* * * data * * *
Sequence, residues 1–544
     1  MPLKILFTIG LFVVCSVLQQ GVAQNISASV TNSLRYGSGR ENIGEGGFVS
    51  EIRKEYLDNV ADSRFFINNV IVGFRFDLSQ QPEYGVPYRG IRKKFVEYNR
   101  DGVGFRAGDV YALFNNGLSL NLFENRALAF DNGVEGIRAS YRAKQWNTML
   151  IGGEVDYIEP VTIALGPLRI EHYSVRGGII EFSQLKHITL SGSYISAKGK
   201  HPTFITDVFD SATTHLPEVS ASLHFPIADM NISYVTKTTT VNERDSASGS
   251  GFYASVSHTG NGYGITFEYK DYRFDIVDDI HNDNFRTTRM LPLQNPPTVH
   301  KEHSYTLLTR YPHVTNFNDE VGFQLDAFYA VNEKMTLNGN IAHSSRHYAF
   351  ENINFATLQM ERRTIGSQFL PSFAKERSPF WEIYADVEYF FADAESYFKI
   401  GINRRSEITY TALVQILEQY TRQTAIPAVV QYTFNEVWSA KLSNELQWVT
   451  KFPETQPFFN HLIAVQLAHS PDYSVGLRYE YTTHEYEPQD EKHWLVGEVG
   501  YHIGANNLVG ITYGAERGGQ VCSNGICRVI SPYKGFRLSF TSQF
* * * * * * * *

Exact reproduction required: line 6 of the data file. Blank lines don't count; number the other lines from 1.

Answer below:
   201  HPTFITDVFD SATTHLPEVS ASLHFPIADM NISYVTKTTT VNERDSASGS